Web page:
A disgruntled resident of Camden, in London, recently posted a video online depicting the source of his gruntlessness:
It shows a little garden-y area outside a block of flats, which he describes as being home to “no illegal activity… no anti-social behaviour“, but which has had a security system installed that instructs him to leave this “restricted area”.
Which seems a little over-the-top, to say the least, for such a low-key, trouble-free place to start seeing these machines popping up threatening to send photographs of people’s faces “for processing”. Who’s going to be processing them, and to what end?
It’s this weird approach to asserting their authority – which more than one commentator has likened to something from Robocop – that’s the most worrying issue. They’re not just keeping an eye on who’s using this space, and recording certain images which can be referred back to for information in the event of, say, a violent incident. They’re also blaring a stern American voice at passing citizens, ordering them what to do in a manner that expects immediate obedience and brooks no dissent.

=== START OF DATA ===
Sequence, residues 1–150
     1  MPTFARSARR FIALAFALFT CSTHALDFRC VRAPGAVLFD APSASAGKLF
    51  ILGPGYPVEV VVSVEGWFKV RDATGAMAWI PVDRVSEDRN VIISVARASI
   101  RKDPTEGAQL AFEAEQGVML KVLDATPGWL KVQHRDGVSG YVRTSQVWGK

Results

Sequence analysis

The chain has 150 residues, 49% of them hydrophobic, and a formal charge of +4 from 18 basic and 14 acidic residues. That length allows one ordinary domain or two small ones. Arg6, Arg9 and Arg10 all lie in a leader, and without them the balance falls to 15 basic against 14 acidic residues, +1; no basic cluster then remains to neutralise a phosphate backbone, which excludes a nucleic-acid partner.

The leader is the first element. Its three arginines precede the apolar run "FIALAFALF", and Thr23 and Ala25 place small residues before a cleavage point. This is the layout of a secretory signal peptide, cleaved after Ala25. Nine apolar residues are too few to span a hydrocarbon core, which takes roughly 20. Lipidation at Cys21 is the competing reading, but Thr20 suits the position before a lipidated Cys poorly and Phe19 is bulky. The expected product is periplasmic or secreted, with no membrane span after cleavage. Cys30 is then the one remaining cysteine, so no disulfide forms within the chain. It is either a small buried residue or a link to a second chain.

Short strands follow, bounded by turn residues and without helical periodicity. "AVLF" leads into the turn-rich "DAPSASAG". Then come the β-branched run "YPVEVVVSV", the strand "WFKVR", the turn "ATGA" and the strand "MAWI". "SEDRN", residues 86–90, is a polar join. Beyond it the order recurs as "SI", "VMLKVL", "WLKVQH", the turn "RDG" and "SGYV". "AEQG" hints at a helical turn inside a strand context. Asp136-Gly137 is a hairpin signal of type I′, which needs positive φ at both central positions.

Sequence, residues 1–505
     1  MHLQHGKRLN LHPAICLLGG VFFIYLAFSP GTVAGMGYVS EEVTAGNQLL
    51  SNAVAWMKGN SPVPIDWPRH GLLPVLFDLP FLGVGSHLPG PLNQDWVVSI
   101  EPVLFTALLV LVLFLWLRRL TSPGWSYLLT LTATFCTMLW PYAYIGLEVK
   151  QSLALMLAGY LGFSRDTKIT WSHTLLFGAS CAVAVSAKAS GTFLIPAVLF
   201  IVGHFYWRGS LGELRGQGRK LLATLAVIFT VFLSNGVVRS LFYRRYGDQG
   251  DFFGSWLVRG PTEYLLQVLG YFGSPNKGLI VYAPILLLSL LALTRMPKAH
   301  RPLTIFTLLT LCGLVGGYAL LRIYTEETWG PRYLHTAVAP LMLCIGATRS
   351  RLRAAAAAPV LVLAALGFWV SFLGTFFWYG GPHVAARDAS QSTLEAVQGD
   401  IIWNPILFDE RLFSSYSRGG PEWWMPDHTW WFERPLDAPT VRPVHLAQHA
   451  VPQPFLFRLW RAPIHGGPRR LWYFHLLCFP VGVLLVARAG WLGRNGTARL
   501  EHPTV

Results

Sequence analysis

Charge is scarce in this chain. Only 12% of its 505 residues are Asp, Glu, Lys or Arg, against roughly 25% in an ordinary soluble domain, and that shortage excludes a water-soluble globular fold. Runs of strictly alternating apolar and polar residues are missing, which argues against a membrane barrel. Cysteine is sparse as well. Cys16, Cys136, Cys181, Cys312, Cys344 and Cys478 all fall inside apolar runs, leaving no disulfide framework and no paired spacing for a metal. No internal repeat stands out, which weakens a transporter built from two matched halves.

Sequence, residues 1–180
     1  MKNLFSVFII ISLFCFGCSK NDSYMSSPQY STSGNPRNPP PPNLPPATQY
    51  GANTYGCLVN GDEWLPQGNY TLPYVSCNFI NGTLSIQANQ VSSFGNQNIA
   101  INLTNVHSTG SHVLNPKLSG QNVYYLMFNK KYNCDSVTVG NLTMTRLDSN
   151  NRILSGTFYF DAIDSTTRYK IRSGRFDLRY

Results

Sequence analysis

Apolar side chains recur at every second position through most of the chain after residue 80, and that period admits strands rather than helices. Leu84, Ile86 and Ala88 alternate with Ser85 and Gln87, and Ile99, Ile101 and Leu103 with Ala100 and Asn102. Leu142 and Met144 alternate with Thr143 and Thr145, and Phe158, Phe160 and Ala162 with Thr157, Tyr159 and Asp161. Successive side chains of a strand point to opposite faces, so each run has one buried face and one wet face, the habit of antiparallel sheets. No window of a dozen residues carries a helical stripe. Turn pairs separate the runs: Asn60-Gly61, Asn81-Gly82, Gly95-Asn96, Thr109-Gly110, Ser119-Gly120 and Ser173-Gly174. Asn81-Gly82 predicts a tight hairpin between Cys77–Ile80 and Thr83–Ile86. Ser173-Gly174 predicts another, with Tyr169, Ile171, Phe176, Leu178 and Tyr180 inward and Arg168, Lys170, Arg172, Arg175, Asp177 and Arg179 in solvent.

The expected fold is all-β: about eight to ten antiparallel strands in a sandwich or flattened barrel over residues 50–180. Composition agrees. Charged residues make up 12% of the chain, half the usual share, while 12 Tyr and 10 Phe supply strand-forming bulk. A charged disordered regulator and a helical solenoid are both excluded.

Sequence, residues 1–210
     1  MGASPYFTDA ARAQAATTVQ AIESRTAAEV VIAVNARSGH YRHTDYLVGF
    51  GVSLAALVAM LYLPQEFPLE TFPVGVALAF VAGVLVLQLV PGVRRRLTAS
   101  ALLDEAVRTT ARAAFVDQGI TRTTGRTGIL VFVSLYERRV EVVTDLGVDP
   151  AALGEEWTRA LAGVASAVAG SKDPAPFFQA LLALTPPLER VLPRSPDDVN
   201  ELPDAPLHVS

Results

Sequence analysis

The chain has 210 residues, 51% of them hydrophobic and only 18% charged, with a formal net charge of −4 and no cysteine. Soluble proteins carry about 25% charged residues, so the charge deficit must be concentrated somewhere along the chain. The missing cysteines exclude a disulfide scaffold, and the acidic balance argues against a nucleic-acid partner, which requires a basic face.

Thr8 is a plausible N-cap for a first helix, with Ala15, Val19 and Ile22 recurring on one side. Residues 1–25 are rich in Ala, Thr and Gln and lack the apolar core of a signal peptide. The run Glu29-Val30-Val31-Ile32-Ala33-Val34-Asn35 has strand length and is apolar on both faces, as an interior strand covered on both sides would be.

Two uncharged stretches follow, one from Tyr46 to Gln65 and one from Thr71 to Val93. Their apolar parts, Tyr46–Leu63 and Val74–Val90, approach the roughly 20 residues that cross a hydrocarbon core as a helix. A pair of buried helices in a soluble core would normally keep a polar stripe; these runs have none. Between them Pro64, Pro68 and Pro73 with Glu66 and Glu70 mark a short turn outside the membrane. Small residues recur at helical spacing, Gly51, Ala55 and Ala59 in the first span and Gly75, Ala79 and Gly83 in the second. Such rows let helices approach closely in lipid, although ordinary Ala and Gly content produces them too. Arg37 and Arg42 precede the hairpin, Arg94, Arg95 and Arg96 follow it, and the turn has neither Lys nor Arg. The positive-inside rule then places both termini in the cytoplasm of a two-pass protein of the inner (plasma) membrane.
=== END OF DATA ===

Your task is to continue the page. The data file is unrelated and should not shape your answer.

The message is quite clearly designed to intimidate, to elicit fear, and to cow people into doing what they’re told by their superiors.
Little of which, I suspect, was genuinely in the hearts of the council officials who explained that the voice message was an accident that arose during a battery replacement. But even the fact that such authoritarian browbeating can happen mistakenly merits our attention. Even if it may not have been heralding an oncoming police state, this is exactly the kind of intrusion of over-zealous security measures we should be prepared to make noise about.